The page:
Will Generative AI Change the Future of Work?   

Research from McKinsey shows that Generative AI like Chat GPT impacts labour productivity, deployment of workers’ activities and more. How will AI transform the future of work in the coming years?

Victoria Egba on July 20, 2023 Average reading time: 4 min
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Will Generative AI Change the Future of Work?   

Generative AI, such as ChatGPT, DALL-E, Bard, Midjourney, and others, have significantly accelerated the potential for automation in work. A report from McKinsey shows that the percentage of work hours that, in theory, can be automated is rising from 50% to 60-70%.  

The surge is primarily attributed to the remarkable advancement of generative AI’s natural language capabilities. As a result, it can now tackle a broader range of tasks and interactions, paving the way for increased automation across industries. McKinsey’s report suggests that the future of work will largely rely on automation and the technological innovations of AI.   

Embracing AI & Automation Sooner Than Expected  

The rapid advancement of AI and automation technologies is reshaping the future of work at an accelerated pace. Compared to expert assessments made in 2017, the projected timeline for the widespread adoption of automation has compressed significantly. The midpoint scenario, representing the point at which 50% of current work activities will be automated, has advanced by a decade.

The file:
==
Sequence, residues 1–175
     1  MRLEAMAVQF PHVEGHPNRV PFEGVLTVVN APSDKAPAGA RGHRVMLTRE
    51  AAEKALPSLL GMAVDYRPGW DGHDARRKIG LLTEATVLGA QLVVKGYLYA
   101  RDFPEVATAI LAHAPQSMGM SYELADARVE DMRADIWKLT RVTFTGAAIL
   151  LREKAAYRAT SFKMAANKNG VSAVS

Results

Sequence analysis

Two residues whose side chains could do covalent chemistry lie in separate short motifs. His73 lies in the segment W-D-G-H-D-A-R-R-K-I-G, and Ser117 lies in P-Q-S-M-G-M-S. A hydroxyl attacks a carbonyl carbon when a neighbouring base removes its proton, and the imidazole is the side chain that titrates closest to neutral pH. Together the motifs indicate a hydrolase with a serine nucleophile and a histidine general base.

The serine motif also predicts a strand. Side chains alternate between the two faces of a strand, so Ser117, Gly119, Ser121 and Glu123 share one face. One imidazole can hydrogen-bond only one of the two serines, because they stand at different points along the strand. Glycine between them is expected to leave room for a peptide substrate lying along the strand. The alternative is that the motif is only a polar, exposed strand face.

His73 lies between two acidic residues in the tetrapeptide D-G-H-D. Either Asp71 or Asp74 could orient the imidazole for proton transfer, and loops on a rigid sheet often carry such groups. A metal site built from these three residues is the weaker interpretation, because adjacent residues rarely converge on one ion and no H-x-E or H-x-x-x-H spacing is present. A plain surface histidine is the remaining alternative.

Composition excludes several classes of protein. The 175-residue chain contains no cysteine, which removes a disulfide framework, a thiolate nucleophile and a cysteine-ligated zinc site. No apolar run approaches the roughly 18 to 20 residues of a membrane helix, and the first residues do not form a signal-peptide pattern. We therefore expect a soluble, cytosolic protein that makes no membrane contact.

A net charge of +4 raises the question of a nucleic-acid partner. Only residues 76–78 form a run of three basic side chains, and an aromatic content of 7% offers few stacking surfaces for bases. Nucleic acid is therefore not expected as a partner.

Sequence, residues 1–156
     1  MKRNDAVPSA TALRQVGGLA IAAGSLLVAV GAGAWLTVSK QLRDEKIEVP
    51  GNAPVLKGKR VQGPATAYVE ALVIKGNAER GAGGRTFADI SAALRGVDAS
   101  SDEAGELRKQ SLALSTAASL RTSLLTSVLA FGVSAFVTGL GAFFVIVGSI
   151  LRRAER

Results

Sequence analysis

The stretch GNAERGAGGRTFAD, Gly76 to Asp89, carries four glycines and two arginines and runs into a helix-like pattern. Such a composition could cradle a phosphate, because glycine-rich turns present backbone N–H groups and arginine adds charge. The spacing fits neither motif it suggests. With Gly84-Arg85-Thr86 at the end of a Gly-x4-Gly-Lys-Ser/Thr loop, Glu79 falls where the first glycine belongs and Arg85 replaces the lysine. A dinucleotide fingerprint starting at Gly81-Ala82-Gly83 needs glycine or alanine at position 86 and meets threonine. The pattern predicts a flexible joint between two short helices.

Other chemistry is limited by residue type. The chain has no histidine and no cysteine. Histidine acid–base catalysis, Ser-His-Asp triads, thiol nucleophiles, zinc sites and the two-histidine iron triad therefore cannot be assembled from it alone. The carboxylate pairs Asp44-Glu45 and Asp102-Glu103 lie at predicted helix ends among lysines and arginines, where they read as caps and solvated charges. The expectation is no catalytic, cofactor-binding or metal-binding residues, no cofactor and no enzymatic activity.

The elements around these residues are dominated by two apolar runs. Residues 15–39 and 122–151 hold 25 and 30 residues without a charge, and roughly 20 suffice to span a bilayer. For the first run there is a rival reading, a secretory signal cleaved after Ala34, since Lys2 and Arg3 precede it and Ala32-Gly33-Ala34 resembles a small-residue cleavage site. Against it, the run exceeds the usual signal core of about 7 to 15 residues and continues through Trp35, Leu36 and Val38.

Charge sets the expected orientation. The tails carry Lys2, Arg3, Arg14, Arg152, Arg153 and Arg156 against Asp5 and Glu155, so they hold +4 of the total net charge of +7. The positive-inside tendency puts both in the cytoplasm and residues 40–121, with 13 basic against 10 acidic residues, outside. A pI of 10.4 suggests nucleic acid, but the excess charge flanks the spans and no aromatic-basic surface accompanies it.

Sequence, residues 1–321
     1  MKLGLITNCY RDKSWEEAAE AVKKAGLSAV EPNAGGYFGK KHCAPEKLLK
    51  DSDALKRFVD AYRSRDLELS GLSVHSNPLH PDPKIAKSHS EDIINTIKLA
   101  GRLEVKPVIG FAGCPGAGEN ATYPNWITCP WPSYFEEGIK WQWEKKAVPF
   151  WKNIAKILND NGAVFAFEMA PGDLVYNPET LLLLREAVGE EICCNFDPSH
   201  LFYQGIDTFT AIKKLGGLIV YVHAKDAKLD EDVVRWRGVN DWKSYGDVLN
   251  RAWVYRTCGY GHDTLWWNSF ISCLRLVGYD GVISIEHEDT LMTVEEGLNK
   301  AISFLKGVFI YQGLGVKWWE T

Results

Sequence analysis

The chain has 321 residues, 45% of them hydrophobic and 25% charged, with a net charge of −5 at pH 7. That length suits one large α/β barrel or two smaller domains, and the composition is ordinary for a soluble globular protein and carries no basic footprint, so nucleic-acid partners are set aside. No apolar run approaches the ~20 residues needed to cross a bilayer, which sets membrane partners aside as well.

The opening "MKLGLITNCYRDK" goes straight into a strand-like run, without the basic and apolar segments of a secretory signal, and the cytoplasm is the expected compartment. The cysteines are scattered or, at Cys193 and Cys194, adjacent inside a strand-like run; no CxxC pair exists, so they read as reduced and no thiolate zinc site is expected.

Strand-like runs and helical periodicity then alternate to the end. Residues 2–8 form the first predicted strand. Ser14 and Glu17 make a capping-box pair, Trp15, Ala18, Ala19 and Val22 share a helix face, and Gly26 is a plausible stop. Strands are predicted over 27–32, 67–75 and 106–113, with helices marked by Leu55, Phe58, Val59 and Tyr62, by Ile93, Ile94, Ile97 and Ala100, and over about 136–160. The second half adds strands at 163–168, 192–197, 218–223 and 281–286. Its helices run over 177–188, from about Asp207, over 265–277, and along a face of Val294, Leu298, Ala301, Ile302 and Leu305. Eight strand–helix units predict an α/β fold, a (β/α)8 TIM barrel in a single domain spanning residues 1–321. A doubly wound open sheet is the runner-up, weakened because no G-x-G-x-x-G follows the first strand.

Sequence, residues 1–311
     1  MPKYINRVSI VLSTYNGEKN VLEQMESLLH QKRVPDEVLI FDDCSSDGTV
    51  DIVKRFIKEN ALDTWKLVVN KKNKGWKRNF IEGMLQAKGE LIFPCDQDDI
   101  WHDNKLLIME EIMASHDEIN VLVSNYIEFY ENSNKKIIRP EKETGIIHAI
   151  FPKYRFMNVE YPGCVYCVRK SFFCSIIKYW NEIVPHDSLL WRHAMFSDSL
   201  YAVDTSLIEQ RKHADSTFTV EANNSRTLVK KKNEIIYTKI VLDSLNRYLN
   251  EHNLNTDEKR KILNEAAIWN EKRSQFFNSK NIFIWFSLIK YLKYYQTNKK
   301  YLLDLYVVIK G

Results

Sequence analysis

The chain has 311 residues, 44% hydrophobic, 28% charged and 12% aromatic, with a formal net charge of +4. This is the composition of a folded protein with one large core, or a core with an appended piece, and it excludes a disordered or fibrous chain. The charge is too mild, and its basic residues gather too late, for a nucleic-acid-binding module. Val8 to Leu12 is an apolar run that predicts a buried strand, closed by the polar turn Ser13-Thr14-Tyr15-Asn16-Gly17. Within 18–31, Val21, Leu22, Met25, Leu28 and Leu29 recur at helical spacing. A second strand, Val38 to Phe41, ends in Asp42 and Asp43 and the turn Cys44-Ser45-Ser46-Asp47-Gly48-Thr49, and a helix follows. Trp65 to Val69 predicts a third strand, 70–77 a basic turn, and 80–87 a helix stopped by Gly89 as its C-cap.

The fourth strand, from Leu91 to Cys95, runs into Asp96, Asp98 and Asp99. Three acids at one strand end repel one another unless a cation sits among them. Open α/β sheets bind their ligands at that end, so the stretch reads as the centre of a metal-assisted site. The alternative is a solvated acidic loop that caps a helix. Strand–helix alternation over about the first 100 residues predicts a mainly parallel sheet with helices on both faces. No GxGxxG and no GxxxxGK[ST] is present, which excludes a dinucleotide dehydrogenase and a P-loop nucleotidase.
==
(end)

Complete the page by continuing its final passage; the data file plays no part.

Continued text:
It means that within the next decade, the way we work and the nature of our jobs will undergo significant transformations. AI and other advanced technologies will play a pivotal role in automating various tasks and processes employees traditionally performed.   

For instance, instead of a customer service representative answering multiple repetitive questions from clients, an AI chatbot can respond. This creates a faster service for the business while freeing up time for the employee to focus on other tasks. This shift reflects the increasing confidence among experts and organisations in the imminent arrival of advanced technological capabilities.  

As AI and automation technologies continue to advance, they will become more sophisticated and capable of performing complex cognitive tasks. It will enable them to handle a wide range of activities across different industries and sectors, from routine administrative tasks to advanced data analysis, decision-making, and even creative endeavours. In other words, work as we know it will significantly change based on AI and technology advancement within a decade.  

 “Labour productivity will accelerate to achieve economic growth and enhance prosperity – McKinsey Report. “  

Transforming Key Sectors  

The change Generative AI brings is anticipated across various sectors, but four areas stand out. The areas of Customer operations, marketing and sales, software engineering, and research and development (R&D) hold immense potential for generative AI implementation. Whether supporting customer interactions, generating creative content, or even drafting computer code based on natural-language prompts, generative AI offers measurable outcomes across 63 specific use cases.